BOSTON -- Jon Lester beat the best.
Lester improved to 13-8 and worked seven innings, allowing one run on eight hits with no walks and a season-high nine strikeouts. The left-hander tossed 111 pitches (81 strikes).
It was a vintage outing for Lester, who had all of his pitches working, including a fastball in the high 90s, a nasty cutter and a curveball.
Scherzer suffered only his second loss of the season, falling to 19-2. He worked seven innings (plus two batters in the eighth) and allowed two runs on nine hits with three walks and eight strikeouts. He threw 111 pitches (70 strikes).
The way Scherzer has been pitching all season, a one-run lead could have been enough for the Tigers.
Former Red Sox infielder Jose Iglesias gave Detroit a 1-0 lead with an RBI double in the top of the second inning. It could have been more, but a poor decision by Detroit third-base coach Tom Brookens possibly cost the Tigers a run when he sent the slow-footed Brayan Pena home on Iglesias’ double, only to have Pena thrown out 8-6-2 to end the inning.
As well as Scherzer was pitching, Lester continued to match the Cy Young candidate.
In the fifth, Red Sox third baseman Will Middlebrooks committed a one-out error, and the Tigers tried to capitalize, loading the bases on back-to-back singles by Jackson and Hunter with Cabrera coming up. Lester won the battle when he got Cabrera to swing at a 2-0 fastball and ground out to shortstop to end the inning.
Lester was visibly pumped, and Middlebrooks repaid his debt to his pitcher in the home half of the fifth.
With two outs and runners on second and third thanks to a ground-rule double by Stephen Drew, Middlebrooks provided a two-run single to give the Red Sox a 2-1 lead.
Lester stranded two runners in the top of the sixth and walked off the mound with 101 pitches. Scherzer faced only four Red Sox batters in the bottom of the inning, and the duel continued.
Lester needed only 10 pitches to retire the side in the top of the seventh. As he walked into the dugout, he was emotionally pumped up and received plenty of “atta boys” from his teammates. Red Sox manager John Farrell walked the length of the dugout and shook his starter’s hand.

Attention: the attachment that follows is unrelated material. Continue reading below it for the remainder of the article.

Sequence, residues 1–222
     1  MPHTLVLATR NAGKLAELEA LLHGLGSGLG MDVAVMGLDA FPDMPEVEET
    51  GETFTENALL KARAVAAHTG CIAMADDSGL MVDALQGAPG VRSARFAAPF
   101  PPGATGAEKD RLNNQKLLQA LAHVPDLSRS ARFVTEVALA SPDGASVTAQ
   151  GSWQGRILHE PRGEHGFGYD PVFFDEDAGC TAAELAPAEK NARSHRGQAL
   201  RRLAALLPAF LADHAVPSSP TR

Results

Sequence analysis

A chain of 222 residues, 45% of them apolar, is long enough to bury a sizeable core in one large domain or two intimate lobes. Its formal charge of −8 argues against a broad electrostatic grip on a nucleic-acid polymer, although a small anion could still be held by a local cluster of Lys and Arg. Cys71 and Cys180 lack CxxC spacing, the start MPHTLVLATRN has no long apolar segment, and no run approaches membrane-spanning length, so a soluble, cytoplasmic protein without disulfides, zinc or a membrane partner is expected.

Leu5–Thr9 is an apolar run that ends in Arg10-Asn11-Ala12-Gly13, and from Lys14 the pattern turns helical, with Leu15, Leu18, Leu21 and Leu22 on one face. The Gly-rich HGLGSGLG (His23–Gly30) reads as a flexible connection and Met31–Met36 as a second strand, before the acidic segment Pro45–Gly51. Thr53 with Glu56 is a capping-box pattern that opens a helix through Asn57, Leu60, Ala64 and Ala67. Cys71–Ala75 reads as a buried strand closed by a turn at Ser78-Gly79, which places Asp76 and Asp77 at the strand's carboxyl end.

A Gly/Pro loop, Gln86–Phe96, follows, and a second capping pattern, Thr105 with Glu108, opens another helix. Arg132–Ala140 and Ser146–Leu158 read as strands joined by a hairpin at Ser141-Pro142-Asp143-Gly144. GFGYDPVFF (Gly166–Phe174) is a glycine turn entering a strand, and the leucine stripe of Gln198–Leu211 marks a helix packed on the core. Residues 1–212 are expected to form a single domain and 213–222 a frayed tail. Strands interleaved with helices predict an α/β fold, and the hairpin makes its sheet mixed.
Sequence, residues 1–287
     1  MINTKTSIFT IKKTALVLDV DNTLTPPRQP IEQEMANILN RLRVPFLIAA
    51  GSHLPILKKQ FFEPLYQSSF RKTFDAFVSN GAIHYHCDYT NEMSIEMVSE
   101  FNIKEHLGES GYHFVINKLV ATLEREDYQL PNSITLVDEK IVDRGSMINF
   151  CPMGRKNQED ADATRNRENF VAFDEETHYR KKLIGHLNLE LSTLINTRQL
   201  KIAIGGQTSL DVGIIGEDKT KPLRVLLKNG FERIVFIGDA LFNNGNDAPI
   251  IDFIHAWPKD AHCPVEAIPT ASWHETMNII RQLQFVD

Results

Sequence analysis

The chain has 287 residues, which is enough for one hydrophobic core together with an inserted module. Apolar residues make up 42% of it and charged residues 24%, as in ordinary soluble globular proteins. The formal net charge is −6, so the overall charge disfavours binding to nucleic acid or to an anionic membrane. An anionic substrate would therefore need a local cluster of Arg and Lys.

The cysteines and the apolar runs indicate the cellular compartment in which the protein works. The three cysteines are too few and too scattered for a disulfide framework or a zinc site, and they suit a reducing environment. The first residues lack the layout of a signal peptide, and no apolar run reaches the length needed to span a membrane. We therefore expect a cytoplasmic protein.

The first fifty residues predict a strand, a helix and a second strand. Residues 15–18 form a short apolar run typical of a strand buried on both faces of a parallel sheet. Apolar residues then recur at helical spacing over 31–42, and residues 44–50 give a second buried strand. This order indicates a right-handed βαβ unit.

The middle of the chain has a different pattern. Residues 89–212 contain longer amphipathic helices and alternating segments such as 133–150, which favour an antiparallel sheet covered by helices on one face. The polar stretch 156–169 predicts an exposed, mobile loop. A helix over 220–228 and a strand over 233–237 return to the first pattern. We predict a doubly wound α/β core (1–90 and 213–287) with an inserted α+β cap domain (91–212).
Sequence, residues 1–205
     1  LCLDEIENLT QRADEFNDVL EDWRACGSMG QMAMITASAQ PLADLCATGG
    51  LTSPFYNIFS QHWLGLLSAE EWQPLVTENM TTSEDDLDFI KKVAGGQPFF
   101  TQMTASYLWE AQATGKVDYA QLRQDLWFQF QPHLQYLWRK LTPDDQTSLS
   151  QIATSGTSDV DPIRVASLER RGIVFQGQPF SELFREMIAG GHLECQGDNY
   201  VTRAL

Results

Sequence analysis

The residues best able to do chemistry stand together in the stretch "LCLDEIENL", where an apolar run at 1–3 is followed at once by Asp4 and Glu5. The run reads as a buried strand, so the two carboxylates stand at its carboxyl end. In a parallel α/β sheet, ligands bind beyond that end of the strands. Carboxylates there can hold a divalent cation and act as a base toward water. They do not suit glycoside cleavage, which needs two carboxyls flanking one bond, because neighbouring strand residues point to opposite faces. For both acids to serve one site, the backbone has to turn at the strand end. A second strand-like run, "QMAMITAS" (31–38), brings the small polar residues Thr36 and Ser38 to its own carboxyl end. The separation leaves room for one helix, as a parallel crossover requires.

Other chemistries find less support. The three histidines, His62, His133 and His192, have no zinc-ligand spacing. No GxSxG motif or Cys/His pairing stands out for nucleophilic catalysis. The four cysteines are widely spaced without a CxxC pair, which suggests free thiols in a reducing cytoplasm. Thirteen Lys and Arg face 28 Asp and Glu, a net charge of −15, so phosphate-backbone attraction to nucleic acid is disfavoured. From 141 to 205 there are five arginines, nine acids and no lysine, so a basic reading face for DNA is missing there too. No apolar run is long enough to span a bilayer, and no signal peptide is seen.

Now it was the bullpen’s job for Boston.
Farrell summoned rookie Brandon Workman to face Cabrera, who flied out to right field for the first out of the inning.
Farrell then brought in lefty Craig Breslow to face the left-handed hitting Prince Fielder, who grounded out to second. Victor Martinez then singled off Breslow, which forced Farrell to bring in Junichi Tazawa to face Detroit’s Omar Infante, who struck out on a 95 mph fastball.
After the Sox’s Daniel Nava drew a walk and Pedroia singled to start the bottom of the eighth inning, Scherzer was done. Boston loaded the bases but couldn't push across an insurance run.
However, with the way Red Sox closer Koji Uehara has been pitching, that extra run wasn’t needed.
The right-hander went 1-2-3 in the ninth to pick up his 17th save of the season. Uehara extended his scoreless streak to 25 innings, and he has retired the past 21 batters he’s faced.
GOING STREAKING: With his leadoff walk in the bottom of the eighth inning, Nava has reached base in his past 38 starts, which is the third-longest streak in the AL this season. It’s the longest by a Red Sox player since Kevin Youkilis had a 44-game streak in 2008.